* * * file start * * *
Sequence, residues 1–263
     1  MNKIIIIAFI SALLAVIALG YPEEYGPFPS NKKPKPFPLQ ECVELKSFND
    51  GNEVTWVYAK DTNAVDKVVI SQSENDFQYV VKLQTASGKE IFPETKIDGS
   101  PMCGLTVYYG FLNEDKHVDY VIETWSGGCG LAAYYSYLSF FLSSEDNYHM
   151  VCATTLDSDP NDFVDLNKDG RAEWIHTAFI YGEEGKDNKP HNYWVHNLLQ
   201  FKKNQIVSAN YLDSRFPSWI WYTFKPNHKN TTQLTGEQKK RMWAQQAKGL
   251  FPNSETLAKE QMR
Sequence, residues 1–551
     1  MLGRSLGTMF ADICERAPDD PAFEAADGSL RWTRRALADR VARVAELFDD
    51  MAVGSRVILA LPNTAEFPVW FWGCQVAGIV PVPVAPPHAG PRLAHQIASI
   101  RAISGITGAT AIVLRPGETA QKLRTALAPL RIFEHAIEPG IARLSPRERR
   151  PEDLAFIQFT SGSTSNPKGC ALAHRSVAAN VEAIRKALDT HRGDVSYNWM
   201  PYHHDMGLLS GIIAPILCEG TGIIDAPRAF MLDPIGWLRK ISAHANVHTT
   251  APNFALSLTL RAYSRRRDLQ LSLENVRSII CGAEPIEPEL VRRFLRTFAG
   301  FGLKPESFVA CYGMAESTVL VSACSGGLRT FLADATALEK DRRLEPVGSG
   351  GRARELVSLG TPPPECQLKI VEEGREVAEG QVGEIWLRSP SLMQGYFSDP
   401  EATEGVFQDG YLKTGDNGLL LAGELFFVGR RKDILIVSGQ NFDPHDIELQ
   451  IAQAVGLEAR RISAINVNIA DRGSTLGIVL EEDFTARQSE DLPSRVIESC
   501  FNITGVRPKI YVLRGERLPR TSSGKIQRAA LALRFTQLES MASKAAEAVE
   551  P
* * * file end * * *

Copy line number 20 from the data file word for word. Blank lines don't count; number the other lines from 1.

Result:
   551  P